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Recent research from the Border Region Modeling Project (BRMP) through the University of Texas at El Paso reveals that the border region encompassing El Paso, Las Cruces, Ciudad Juárez and Chihuahua, will benefit economically from the new U.S.-Mexico-Canada Agreement (USMCA) which was decisively approved by the Senate less than a week ago.
The BMRP is a yearly economic study that has been published since 1998 and, according to Steven Fullerton who is a staff economist and associate director at BRMP, is composed of 255 equations containing variables from the housing, labor and commercial markets.
Fullerton said it also contains variables like local restaurant prices gathered by UTEP graduates to conduct price analysis ratios.
Some significant predictions that the BRMP makes for the forecast period from 2019 to 2021 is that “employment growth is projected to slump” this year and that “automobile registrations are expected to accelerate in 2019 and surpass 698,000 by 2021.” The report also highlights that “health care services is likely to post the fastest rates of expansion.”
Along with the several projections that the report makes, it also addresses the forecast of upside and downside risks like “natural disasters, trade wars and policy inconsistencies.”
“Approval of the new USMCA trade agreement has stabilized the regional outlook and reduced threat of continental supply chain ruptures that would have likely resurrected 1970s-style stagflation,” the forecast risk section in the report said.
Fullerton says that the new USMCA trade deal will stabilize the region’s economic outlook by stimulating commercial activity in the area.
“The USMCA gives our region an advantage by allowing companies to expand into our area. Those new companies produce skilled jobs on both sides of the border. Those skilled jobs enable workers to spend those earnings in our region, which helps retail sales and boosts our border economy,” Fullerton told The Prospector. “On top of that, there will be a need for additional industrial space for those IMMEX plants that will be producing each product, which increases the need for construction jobs.”
According to Industry Weekly, the Mexican program, Industria Manufacturera, Maquiladora y de Servicios de Exportación, or IMMEX, “is defined as an instrument to temporarily import goods and services that will be manufactured, transformed or repaired, and then re-exported without payment of taxes, compensatory quotas, and other specific benefits.”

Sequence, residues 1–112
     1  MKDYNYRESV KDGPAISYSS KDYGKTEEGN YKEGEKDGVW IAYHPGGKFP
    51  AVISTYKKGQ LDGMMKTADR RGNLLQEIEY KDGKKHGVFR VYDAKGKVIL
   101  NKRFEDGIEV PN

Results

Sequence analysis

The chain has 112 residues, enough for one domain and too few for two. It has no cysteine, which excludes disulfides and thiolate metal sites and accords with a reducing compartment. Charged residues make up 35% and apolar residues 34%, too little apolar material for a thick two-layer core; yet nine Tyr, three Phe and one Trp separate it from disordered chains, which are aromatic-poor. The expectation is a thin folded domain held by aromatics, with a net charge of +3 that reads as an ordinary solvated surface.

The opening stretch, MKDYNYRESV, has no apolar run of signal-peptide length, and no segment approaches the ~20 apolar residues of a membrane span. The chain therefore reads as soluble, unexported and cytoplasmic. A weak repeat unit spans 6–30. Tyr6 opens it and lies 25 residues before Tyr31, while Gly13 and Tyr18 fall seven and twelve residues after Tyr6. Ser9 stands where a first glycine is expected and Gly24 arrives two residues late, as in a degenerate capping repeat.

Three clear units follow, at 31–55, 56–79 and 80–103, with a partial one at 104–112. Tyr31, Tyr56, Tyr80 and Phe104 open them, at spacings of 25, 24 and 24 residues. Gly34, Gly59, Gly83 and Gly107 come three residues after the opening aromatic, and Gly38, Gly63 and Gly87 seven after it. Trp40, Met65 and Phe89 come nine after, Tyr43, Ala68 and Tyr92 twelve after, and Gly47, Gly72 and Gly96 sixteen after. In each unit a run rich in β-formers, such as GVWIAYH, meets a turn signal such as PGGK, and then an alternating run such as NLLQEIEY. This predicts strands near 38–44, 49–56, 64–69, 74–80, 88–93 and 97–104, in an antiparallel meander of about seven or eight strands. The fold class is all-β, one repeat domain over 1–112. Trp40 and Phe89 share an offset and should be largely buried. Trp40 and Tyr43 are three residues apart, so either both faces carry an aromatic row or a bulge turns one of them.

Fullerton explains that this back and forth — export and re-export — of electronic and automotive components between Mexico and the U.S. is a huge job creator and is inherently why trade policies like the USMCA play a significant role.
“A lot of these moving pieces, including those electronic products, get built in Juárez that, in turn, come over here and try to pass inspection,” Fullerton said. “Then they send them back to complete the rest of that component.”
The USMCA’s expected impact on industrial space for IMMEX plants, coupled with its requirement that 75 percent of the content of passenger and light vehicle trucks be made in North America by 2023, is poised to stimulate the border economy once it is fully ratified.
According to the Office of the United States Trade Representative, another advantage of the new USMCA is its new provisions on digital trade, anticorruption and “good regulatory practices” which are expected to affect every region, including the border.
The USMCA is awaiting signature from U.S. President Donald Trump after passing through both chambers of Congress and is likely to pass through Canada’s parliament as well, according to Vox.
Bryan Mena may be reached at [email protected]